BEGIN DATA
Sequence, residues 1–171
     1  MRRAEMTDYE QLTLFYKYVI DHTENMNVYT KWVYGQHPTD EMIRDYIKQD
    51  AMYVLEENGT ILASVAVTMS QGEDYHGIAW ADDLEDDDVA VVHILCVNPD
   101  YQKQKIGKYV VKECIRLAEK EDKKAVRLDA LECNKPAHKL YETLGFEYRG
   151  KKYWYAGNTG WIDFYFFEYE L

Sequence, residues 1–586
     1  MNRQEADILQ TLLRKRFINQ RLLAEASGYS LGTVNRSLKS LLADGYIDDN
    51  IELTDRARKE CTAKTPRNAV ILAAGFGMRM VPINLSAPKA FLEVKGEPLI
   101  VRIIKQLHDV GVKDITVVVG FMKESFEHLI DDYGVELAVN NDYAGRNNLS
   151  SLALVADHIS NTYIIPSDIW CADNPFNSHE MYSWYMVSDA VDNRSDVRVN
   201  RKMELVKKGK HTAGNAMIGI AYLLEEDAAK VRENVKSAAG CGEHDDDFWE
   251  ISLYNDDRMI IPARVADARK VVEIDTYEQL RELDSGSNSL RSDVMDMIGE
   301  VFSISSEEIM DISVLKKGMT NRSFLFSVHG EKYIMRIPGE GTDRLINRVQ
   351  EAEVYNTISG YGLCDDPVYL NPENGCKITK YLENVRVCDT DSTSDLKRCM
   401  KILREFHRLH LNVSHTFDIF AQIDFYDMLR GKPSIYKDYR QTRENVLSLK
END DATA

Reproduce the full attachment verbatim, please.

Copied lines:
Sequence, residues 1–171
     1  MRRAEMTDYE QLTLFYKYVI DHTENMNVYT KWVYGQHPTD EMIRDYIKQD
    51  AMYVLEENGT ILASVAVTMS QGEDYHGIAW ADDLEDDDVA VVHILCVNPD
   101  YQKQKIGKYV VKECIRLAEK EDKKAVRLDA LECNKPAHKL YETLGFEYRG
   151  KKYWYAGNTG WIDFYFFEYE L

Sequence, residues 1–586
     1  MNRQEADILQ TLLRKRFINQ RLLAEASGYS LGTVNRSLKS LLADGYIDDN
    51  IELTDRARKE CTAKTPRNAV ILAAGFGMRM VPINLSAPKA FLEVKGEPLI
   101  VRIIKQLHDV GVKDITVVVG FMKESFEHLI DDYGVELAVN NDYAGRNNLS
   151  SLALVADHIS NTYIIPSDIW CADNPFNSHE MYSWYMVSDA VDNRSDVRVN
   201  RKMELVKKGK HTAGNAMIGI AYLLEEDAAK VRENVKSAAG CGEHDDDFWE
   251  ISLYNDDRMI IPARVADARK VVEIDTYEQL RELDSGSNSL RSDVMDMIGE
   301  VFSISSEEIM DISVLKKGMT NRSFLFSVHG EKYIMRIPGE GTDRLINRVQ
   351  EAEVYNTISG YGLCDDPVYL NPENGCKITK YLENVRVCDT DSTSDLKRCM
   401  KILREFHRLH LNVSHTFDIF AQIDFYDMLR GKPSIYKDYR QTRENVLSLK